After a year of translocation efforts in Isle Royale National Park, the island’s wolf population is flourishing again, with numbers around their historical levels.
Between October 2018 and September 2019, the National Park Service brought in a total of 19 wolves to the park in northwestern Michigan, where the wolves (Canis lupus) were considered important to keep the island’s moose (Alces alces) population in check.
Isle Royale has occasionally connected to the mainland during the winter, when an ice bridge allowed wolves to cross over from the north. But warmer temperatures haven’t allowed that bridge to form in the last few decades, and the wolf population plunged.
“Five years ago, there were only two wolves left on the island, and they were so inbred, they weren’t able to successfully reproduce,” said Sarah Hoy, the co-leader of the wolf-moose project and a research assistant professor at Michigan Technological University.
But the population is looking up. In a recent annual report, scientists reported an estimated 28 wolves.
“This last year has been really amazing,” Hoy said. “The population really increased in number, and we’re seeing signs of wolves doing everything we hoped they would.”
During aerial surveys, Hoy and her colleagues saw wolves traveling and resting together, and they spotted the tracks of others appearing to do the same, suggesting that the wolves were forming packs and reproducing. They also took note of them producing pups. “Wolves have the potential to reproduce and grow in number quite quickly,” she said.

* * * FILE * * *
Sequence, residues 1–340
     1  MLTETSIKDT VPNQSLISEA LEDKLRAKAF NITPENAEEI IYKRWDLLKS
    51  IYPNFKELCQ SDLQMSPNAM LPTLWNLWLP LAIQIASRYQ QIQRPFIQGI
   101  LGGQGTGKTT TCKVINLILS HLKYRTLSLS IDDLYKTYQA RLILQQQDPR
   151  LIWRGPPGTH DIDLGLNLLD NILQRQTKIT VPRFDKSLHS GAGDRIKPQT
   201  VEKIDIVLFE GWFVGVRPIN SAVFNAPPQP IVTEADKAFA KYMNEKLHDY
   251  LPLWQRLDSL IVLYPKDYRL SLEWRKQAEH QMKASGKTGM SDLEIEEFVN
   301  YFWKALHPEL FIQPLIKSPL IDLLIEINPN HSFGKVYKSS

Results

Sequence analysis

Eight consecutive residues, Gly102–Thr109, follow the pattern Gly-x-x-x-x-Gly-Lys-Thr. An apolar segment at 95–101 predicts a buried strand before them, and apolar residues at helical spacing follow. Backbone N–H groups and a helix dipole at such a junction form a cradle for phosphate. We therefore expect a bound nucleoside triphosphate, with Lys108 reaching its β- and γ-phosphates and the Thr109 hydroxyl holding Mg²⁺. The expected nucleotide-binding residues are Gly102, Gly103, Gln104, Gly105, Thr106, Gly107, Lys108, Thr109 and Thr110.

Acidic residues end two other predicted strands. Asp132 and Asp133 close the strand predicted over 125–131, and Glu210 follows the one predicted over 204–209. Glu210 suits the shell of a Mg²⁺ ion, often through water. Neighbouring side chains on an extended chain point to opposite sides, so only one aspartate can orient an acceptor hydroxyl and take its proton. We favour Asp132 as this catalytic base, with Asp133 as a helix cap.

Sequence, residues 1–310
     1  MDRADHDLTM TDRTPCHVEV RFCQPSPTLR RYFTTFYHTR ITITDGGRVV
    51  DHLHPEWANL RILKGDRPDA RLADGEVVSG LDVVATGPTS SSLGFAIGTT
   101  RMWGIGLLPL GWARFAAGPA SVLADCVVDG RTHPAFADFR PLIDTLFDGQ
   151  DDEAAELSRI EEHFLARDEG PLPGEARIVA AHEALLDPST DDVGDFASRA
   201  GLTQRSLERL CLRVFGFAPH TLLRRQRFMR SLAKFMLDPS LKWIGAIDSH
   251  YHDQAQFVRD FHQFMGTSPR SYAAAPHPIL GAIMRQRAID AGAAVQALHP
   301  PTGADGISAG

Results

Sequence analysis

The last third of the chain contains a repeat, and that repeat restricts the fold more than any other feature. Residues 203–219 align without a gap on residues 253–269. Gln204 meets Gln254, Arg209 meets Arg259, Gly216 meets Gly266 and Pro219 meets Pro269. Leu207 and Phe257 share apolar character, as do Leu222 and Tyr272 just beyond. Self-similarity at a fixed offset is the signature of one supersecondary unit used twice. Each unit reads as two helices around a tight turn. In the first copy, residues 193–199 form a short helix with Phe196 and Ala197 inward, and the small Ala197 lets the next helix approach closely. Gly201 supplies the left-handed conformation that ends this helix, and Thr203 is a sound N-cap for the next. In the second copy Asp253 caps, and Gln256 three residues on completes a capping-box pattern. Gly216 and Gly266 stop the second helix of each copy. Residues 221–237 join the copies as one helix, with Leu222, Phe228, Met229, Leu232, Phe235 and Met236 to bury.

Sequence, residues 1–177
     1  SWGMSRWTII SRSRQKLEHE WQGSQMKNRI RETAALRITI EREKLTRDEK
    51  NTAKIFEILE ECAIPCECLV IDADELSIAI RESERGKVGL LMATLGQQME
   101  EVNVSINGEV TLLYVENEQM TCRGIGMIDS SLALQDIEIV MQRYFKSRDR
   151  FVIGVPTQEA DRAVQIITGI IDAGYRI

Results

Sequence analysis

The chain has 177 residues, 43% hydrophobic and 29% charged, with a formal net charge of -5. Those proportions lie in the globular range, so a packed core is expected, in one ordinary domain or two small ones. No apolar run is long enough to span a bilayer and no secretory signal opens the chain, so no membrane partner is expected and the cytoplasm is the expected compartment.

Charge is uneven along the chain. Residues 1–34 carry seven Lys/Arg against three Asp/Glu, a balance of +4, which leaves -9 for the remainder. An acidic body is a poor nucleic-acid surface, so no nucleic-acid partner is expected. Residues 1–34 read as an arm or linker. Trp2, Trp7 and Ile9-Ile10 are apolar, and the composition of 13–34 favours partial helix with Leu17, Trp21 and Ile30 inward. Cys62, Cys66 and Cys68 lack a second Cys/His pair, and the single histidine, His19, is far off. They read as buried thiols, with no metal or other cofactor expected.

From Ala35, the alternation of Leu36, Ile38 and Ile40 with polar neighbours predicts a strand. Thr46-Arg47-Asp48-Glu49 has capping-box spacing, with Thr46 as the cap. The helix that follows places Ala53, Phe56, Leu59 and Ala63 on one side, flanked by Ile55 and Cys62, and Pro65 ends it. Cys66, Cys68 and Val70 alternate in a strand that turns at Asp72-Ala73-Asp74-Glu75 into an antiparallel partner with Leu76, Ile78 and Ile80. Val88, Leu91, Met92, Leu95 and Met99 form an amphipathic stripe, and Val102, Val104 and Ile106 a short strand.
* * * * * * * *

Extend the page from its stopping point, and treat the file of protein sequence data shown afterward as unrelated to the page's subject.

“All of those things happening at the same time means that it’s been a tough year for moose and that’s probably why we’ve seen a significant decline in the number of moose on the island over the past two years,” Hoy said.
Hoy said she’s glad to see a healthy wolf population return to the island. “It’s certainly nice hearing from park visitors that heard wolves howling or saw wolf tracks,” Hoy said.
|Dana Kobilinsky is associate editor at The Wildlife Society. Contact her at firstname.lastname@example.org with any questions or comments about her article. You can follow her on Twitter at @DanaKobi.|
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